Louis Fung, a lawyer and assistant head of the HOG, says chrome is particularly popular. "In one magazine … there was a guy who paid an additional US$15,000 to have his whole bike chromed out. There are people who immediately customise the bike when they get it."

However, the Harley's link to bikers' clubs has not always been reputable. For a long time, the brand was synonymous with the Hell's Angels, the feared motorcycle gang that Hunter S. Thompson wrote about in his novel of the same name. He recounts a year spent with the gang in and around San Francisco, where he witnessed their depravity.

Despite the association, the Hell's Angels were always a minority of Harley riders. Gohel says local HOG members come from a range of professions. "We have doctors, dentists, lawyers, academics, tradespeople. We just get together to ride," says Gohel, a professor.

The members, who ditch suits and ties for leather, denim and T-shirts when they hit the streets, have a full calendar, including a regular ride on the first Sunday of every month.

"That's the biggest one; 30 to 40 bikes will come out. Members and non-members will come," Gohel says. "On top of that, this Wednesday ride was started a month ago by our road captain. He started it as an initiative for people who can't ride on Sundays but might want to ride around at night after work.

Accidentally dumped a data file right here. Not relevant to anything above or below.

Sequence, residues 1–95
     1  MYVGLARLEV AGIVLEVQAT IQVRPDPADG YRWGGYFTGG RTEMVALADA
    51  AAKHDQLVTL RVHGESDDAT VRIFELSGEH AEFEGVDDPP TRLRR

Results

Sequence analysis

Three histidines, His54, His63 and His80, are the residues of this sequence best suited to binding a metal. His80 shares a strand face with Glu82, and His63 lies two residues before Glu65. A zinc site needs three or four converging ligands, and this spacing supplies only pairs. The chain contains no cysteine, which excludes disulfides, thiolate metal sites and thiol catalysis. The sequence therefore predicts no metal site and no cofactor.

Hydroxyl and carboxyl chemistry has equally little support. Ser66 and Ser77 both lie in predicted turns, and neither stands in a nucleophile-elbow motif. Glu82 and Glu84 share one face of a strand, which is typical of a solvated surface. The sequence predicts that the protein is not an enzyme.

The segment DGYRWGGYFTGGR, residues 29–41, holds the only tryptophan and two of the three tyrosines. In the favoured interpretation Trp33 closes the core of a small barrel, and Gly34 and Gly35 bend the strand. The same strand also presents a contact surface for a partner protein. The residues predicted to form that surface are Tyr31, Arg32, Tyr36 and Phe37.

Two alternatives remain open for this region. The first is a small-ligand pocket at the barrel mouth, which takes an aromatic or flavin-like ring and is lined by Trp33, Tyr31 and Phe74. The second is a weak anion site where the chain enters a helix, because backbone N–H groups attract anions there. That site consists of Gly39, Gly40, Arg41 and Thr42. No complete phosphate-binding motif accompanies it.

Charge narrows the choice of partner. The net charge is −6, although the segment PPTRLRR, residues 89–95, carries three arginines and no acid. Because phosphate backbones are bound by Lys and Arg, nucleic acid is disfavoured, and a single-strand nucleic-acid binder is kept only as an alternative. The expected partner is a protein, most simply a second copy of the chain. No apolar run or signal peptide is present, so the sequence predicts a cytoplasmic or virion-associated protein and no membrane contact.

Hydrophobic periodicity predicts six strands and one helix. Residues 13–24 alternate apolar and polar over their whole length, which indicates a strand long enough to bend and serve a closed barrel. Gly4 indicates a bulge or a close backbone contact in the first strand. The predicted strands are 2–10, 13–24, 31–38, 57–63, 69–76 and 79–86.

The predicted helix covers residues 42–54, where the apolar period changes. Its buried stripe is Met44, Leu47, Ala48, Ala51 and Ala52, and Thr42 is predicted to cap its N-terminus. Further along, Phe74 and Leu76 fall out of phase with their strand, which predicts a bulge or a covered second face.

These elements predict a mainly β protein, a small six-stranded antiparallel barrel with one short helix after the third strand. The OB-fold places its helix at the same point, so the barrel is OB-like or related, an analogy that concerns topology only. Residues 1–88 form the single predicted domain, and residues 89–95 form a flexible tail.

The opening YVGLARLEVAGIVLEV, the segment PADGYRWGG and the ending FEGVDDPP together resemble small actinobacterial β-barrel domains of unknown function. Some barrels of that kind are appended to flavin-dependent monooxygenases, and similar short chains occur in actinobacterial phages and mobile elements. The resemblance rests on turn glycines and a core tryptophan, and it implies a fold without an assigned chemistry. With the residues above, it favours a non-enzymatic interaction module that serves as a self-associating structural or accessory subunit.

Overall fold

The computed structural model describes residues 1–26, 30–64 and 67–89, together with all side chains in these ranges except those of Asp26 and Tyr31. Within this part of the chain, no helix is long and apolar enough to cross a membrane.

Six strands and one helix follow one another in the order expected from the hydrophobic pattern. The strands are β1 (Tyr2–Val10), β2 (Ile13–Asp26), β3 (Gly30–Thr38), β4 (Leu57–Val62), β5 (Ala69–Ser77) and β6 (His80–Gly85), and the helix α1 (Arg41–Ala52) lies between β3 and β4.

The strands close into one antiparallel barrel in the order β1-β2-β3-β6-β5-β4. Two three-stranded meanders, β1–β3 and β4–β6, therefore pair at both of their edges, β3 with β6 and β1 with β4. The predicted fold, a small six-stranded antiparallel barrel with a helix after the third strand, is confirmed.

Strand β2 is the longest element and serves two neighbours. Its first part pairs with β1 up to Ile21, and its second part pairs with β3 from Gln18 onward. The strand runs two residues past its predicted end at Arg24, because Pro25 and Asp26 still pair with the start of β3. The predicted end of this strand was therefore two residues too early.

"We will do a Lantau charity ride, and this year we're also doing a Macau weekend.

"We'll put our bikes on the boat and ride around Macau, although it's very small, only 20 kilometres, so we'll ride around 10 times," he jokes.

Harley has a long history in Asia, where it sold its first bike in the early 1900s in Japan. But it was not until 2011 that an Asia-Pacific headquarters was established, in Singapore. The firm sold 24,480 bikes in the region last year, accounting for 9.8 per cent of global sales.

The Asia-Pacific is home to about 230 HOG chapters with more than 70,000 members, says Willis, the Harley director.

Despite restrictions, mainland Harley ownership is also growing. "Up to 10 years ago, big-cc bikes could not be registered at all, but now they've relaxed it a bit," Gohel says.

Harley's first representative office on the mainland opened in Shanghai in 2005, followed by a dealership in Beijing the following year. Its subsidiary, set up in 2010, now has 10 dealerships in the mainland. The number of HOGs and brand-building events are also growing.

"To date, we have set up six HOG chapters across mainland China, in Beijing, Shanghai, Qingdao, Chengdu, Wenzhou and Dalian," Willis says. "We believe many HOG members from these cities will ride directly to Qiandao Lake in Zhejiang [province] for the upcoming 110th anniversary celebrations to be held from May 10 to 12."

The local enthusiasts' favourite places to ride are, not surprisingly, the quieter roads in the New Territories, including Route Twisk, Bride's Pool Road and a run to the airport. "That's a good, long trip. It's where we can hit 110 [km/h]," Gohel says.

It would be an appropriate choice for the anniversary ride, with a maximum speed limit on the route that tallies with Harley's age.

mark.sharp@scmp.com